- when a user creates/changes their password, create a random string of 50 or 60 characters (the more you use, the better, imo) and hash it with your private key and their password. Then store the hash as the password and your random string as a salt or something: sha1(private_key . salt . password)

then when the user tries to log in, take their submitted password and do the same to make sure it's right: sha1(private_key . salt . password) - if the hashes match, you're in business.

It's more of a security thing than a database design thing, but the extra column makes it kinda fringe on database design!
 
Caporegime
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primary key on userid.
unique constraint on email address.
Index on firstname, index on lastname, and index on firstname lastname (for friend searching).

I'm not sure a separate table is necessary for email address, unless you want to either maintain multiple email addresses per user, or keep a history of email addresses.
 
Associate
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I would listen to Hades. Even though it's only likely that it's for practice, always aim to do the best, and get the most scalable app you can.

In theory, an email for a primary key is fine, but if the user wants to change it, there could be a lot more leg-work involved. If you're using a storage engine with a strict view on relationships, it could prove fun to change that value. That being said, an (innodb) on update cascade might save you.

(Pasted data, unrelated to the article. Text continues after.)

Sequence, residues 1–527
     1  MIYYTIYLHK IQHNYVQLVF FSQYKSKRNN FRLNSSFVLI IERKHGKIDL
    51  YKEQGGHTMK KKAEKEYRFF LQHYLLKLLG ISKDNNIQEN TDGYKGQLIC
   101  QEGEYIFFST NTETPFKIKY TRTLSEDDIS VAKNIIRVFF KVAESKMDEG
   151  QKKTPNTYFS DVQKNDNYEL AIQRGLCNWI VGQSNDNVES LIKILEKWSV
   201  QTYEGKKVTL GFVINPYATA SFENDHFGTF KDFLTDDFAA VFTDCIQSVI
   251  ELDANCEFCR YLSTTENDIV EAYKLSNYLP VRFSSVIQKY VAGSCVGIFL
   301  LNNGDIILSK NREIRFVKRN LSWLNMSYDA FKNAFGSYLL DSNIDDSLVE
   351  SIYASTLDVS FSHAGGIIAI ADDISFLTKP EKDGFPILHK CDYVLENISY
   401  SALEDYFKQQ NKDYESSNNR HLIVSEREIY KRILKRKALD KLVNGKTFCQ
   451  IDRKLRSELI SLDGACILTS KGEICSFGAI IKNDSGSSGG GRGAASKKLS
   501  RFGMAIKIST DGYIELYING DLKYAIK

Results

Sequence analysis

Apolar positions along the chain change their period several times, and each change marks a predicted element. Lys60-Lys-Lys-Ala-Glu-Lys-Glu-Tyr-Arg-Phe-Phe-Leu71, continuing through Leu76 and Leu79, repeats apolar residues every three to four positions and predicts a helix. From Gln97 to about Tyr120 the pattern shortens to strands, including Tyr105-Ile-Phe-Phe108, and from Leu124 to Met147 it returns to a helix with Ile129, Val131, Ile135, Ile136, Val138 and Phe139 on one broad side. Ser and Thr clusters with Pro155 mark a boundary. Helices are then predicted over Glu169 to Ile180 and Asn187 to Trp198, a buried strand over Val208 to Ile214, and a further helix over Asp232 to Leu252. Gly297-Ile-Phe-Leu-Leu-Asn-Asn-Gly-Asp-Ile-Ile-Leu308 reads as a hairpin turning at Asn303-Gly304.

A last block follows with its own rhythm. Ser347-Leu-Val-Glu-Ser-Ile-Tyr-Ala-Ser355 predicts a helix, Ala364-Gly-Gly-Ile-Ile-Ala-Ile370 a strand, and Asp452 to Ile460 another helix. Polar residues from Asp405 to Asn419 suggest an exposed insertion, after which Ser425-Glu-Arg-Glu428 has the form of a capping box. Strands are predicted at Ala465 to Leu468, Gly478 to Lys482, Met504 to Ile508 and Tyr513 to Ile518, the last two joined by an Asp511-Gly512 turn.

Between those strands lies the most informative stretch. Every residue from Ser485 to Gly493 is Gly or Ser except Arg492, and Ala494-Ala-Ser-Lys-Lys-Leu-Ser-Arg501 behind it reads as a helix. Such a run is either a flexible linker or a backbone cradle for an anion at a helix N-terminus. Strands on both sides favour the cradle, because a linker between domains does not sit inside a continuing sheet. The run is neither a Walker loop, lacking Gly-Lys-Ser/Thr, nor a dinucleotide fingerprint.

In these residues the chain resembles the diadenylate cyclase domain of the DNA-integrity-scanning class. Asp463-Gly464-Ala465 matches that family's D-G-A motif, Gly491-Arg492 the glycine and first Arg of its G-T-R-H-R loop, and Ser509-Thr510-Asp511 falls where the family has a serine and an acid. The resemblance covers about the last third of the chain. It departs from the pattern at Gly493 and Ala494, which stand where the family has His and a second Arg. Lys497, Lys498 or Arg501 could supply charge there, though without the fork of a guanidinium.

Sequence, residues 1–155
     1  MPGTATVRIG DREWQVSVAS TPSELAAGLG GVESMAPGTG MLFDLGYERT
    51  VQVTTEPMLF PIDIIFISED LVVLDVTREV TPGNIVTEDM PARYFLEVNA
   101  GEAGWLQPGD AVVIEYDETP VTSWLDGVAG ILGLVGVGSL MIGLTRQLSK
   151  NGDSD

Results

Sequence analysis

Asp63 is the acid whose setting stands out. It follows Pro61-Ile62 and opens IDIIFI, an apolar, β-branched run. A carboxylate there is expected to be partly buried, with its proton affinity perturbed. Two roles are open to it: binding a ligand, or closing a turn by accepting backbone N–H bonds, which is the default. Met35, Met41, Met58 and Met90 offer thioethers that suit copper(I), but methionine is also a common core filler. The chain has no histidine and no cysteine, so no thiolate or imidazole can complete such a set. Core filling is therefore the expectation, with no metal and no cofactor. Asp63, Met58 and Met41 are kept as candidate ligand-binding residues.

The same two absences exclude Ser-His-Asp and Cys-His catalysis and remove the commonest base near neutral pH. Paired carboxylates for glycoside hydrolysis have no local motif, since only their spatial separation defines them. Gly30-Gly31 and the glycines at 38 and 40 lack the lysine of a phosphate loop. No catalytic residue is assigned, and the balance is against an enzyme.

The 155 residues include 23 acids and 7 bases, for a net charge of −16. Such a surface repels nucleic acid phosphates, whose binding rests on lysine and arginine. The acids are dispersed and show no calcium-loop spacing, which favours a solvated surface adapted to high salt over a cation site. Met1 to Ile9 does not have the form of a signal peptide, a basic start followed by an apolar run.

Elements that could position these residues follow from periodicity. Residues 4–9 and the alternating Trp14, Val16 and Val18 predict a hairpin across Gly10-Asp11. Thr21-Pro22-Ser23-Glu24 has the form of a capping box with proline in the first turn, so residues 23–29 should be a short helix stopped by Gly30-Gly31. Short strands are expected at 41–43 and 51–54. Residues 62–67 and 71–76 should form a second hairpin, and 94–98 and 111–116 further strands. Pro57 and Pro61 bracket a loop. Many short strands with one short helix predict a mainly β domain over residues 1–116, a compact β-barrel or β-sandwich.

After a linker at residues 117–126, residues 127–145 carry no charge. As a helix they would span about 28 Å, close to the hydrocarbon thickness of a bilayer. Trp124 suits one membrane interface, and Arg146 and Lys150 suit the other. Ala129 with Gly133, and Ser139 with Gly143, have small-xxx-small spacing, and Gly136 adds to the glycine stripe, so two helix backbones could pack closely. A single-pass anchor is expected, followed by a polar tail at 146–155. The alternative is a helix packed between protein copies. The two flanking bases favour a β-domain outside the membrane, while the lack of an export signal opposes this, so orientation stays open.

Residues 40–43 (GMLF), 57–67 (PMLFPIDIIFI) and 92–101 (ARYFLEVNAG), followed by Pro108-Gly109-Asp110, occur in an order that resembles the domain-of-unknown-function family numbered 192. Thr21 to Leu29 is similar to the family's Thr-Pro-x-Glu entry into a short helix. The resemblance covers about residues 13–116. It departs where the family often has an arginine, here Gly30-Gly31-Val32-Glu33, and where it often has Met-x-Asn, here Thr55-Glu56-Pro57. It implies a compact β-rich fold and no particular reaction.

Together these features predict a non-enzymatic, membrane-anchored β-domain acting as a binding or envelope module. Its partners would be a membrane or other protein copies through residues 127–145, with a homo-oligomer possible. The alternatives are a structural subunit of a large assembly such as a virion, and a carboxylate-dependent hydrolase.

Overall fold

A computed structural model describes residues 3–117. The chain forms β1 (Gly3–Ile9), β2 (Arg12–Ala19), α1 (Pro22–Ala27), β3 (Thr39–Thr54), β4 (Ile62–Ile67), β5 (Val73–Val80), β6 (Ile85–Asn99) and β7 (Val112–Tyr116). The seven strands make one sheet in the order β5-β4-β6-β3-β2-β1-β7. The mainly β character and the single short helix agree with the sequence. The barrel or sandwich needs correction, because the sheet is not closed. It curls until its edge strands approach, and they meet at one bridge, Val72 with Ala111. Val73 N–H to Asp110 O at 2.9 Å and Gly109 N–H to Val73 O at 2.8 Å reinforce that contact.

A unique key is the way I'd go, then programmatically make sure that no-one else tries to use that email.

When it comes to securing your password, I would do the following:

- define a private key that is stored in some sort of configuration file in your app.
- when a user creates/changes their password, create a random string of 50 or 60 characters (the more you use, the better, imo) and hash it with your private key and their password. Then store the hash as the password and your random string as a salt or something: sha1(private_key . salt . password)

then when the user tries to log in, take their submitted password and do the same to make sure it's right: sha1(private_key . salt . password) - if the hashes match, you're in business.

It's more of a security thing than a database design thing, but the extra column makes it kinda fringe on database design!

Thanks for this, I've always wondered how best to do password security, and after doing further reading I know a lot more :)